Five more Do and Don’t Precautions for Massage Therapists

One precaution is that when we do need to use the thumb or fingers, it is a good guideline to always try to contact the client with the pad of the thumb or fingers, instead of the tips of the fingers. In other words, do not lead with the fingertips.

Permission Joseph E. Muscolino. Advanced Treatment Techniques for the Manual Therapist: Neck (2013).

Neck Deep Pressure Massage: Step by Step – Deep Stroking Massage

When performing deep pressure massage, deep stroking massage must originate from your core by further rocking your pelvis and extending your spine forward. Short deep strokes to the neck between 1 and 2 inches (2-5 centimeters) in length allow you to preserve optimal body mechanics.

Permission Joseph E. Muscolino. Manual Therapy for the Low Back and Pelvis - A Clinical Orthopedic Approach (2013).

Deep Pressure Massage to the Low Back – Tissue Tension Barrier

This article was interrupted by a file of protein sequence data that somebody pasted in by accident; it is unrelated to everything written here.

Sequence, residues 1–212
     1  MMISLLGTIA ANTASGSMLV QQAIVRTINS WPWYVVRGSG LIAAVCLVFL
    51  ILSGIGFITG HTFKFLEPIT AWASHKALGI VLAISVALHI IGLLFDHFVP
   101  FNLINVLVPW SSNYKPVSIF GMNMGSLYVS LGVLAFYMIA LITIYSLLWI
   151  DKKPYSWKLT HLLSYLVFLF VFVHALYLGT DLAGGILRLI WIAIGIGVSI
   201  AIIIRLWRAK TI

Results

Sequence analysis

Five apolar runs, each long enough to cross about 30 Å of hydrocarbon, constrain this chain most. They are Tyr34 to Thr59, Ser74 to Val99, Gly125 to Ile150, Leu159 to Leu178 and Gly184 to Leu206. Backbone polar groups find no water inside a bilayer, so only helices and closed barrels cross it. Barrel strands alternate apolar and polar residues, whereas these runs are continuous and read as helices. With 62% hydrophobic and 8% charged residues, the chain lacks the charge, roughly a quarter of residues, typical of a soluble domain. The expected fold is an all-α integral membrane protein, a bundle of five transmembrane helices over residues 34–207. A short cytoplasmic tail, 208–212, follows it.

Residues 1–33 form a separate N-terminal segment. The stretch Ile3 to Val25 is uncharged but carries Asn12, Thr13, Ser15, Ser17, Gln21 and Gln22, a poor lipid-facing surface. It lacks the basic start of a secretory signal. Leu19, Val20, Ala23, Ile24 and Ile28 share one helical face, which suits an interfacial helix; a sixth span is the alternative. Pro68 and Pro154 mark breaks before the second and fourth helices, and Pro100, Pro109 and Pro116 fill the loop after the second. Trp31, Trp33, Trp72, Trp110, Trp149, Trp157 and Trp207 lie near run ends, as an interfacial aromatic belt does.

Being able to feel tissue tension barriers is the one most important hands-on skill that an orthopedic manual therapist needs. Clinical orthopedic manual therapy (massage and stretching) only effects change if we reach tissue tension and then apply slightly more force beyond it.

extension mobilization stretch for the thoracic spine on an exercise ball

The Thoracic Spine… The Silent Saboteur

There is an old saying that no posture is bad unless you get stuck in it. The problem is that the thoracic spine often does get stuck in bad posture.

Locked short muscles / locked long muscles in upper crossed syndrome and lower crossed syndrome

Locked Short Muscles – Locked Long Muscles

Two opposing muscle groups, the “facilitated” muscles that are locked short and the “inhibited” muscles that are locked long.